Besides the economy and inflation, crime has been a key issue in the rematch race between Lamont and Stefanowski. It has become more heated since three Bristol Police officers were shot Oct. 12 in what police believe was an ambush set up by a 911 call made by the shooter. Two Bristol officers died.

Stefanowski recently began running a TV ad that features the wife of a police officer from another department who was seriously injured after being run down by repeat criminal. In the ad, the woman, whom Stefanowski pointed out in the debate audience, says she blames Lamont for the crime.

Two years ago, Lamont signed into law a wide-ranging bill, proposed in the wake of the Minneapolis police killing of George Floyd, that made numerous changes to policing in Connecticut. It created a new inspector general to investigate police use-of-force cases, limited circumstances in which deadly force is justified, and allowed more civilian oversight of police departments.

The most contentious part of the new law, which sparked a protest at the state Capitol, allowed civil lawsuits against officers by individuals who have had their constitutional rights violated by police if those actions were deemed “malicious, wanton or willful,” among other things.

Following Tuesday’s debate, Stefanowski called it “unconscionable” for Lamont not to consider revamping the law after the two officers were killed.

“For him to not even consider, not even consider changing it, is crazy,” said Stefanowski, who said he has heard from police officers who believe the legislation helped to create a culture of “tolerance” for criminals and a lack of respect for police officers. Stefanowski, who has been endorsed by multiple police unions in the state, accused Lamont of showing a “lack of respect” for law enforcement.

Lamont said it was a “horrible accusation” for Stefanowski to say he doesn’t care about officers.

“That’s shocking. You know, I was there at Rentschler Field,” he said referring to the stadium where a massive funeral was held for Bristol officers Dustin DeMonte and Alex Hamzy. “I was there with 15,000 men and women in blue. I know exactly what that means. I just think you can’t make those accusations. It’s false and unfair and they’re wrong.”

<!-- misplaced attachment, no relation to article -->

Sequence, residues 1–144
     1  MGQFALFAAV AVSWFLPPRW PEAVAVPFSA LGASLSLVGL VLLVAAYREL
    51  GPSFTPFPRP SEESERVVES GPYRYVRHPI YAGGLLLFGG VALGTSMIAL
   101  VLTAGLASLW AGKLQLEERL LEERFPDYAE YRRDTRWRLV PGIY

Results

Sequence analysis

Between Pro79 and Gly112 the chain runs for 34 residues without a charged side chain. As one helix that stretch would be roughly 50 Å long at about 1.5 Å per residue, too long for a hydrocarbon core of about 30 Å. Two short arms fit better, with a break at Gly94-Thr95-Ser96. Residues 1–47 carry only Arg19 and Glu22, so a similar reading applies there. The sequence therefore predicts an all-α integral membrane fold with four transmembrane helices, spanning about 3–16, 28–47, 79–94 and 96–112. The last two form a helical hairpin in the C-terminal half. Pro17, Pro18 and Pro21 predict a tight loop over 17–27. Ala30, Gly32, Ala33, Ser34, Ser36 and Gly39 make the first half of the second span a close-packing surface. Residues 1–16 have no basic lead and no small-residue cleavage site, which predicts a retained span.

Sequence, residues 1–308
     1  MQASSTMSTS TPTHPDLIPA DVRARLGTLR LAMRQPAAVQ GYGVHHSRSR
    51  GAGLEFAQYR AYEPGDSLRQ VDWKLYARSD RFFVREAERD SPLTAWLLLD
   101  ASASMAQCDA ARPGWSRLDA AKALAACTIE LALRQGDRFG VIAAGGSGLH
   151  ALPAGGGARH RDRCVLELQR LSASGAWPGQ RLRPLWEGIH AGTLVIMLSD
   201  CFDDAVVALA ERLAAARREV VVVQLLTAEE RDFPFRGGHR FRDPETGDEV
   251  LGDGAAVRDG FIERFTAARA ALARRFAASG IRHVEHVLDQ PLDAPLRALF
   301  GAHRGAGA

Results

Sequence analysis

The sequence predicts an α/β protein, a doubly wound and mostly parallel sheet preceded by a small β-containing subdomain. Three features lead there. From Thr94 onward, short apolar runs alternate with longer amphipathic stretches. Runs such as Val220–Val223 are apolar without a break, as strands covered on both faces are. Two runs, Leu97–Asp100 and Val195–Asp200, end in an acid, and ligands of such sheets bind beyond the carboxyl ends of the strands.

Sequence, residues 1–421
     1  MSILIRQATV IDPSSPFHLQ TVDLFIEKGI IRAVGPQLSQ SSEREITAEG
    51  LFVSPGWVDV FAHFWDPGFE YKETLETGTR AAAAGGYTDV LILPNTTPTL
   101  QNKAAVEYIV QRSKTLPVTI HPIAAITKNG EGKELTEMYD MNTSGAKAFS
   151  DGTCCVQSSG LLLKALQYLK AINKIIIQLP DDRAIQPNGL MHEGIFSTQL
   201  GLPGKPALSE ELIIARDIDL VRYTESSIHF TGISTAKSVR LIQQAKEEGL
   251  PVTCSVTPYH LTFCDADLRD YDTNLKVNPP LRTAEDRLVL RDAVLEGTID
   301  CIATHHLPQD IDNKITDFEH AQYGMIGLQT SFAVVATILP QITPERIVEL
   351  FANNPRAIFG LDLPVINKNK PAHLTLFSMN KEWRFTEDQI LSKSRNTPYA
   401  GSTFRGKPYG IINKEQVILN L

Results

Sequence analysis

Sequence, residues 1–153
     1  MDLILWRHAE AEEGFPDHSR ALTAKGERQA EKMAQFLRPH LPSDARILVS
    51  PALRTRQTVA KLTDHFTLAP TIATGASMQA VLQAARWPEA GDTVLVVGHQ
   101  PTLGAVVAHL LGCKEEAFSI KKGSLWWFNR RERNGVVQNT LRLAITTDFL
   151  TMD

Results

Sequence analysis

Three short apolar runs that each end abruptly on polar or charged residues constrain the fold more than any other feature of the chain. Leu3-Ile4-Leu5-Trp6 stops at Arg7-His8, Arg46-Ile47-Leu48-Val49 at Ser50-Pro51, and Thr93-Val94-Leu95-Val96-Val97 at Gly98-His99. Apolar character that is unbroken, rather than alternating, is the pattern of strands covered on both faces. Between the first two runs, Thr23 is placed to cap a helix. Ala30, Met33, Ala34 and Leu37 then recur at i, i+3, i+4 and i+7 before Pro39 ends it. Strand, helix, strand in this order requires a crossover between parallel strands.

Rob Hotaling, the governor candidate on the Connecticut Independent Party ticket and the only biracial contender in the race, said he understands the safety concerns of police officers but also the safety concerns of people like him who have been racially profiled for crimes they didn’t commit.

“When you go through that experience, you realize you take a different perspective on the police accountability bill,” said Hotaling. He said he agreed with Lamont that Stefanowski was “politicizing” the issue.

“Police officers lost their lives. We need to respect that. But then you look at, OK, how do we make sure our communities are safe? Our police are safe? We should leave the politicization out of the way,” he said. “There’s no room for that in a civil society.”

Ex-lawmaker pleads guilty in theft of $1.2M in COVID-19 aid

HARTFORD, Conn. (AP) A former Connecticut state representative has pleaded guilty in connection with the theft of more than $1.2 million in federal coronavirus relief funds from the city of West Haven. Michael DiMassa appeared in federal court in Hartford on Tuesday. At the time of the theft, DiMassa was both a state representative and an aide to the West Haven City Council. Prosecutors allege he used his city position to steal the COVID-19 relief funds, some of which he used for casino gambling. He resigned from both his positions after his arrest last year. Two other people his wife and a business partner also have pleaded guilty, while a fourth person awaits trial.

Conn. awarded grant from U.S. Department of Education's Rehabilitation Services Administration

The Bureau of Rehabilitation Services, a division of the Connecticut Department of Aging and Disability Services, has been awarded a $13.9 million grant from the U.S. Department of Education’s Rehabilitation Services Administration through its Sub-minimum Wage to Competitive Integrated Employment project, which is designed to decrease the use of subminimum wages and increase access to competitive integrated employment for individuals with disabilities.  The grant, which runs through September 30, 2027, will begin with a year dedicated to careful planning by the state agency and its partners to gather important stakeholder input and build a model of supported and accessible pathways leading to sustainable competitive integrated employment opportunities for individuals with disabilities. The remaining years of the grant will involve fully implementing this model and evaluating its effectiveness. Connecticut received the maximum grant award possible.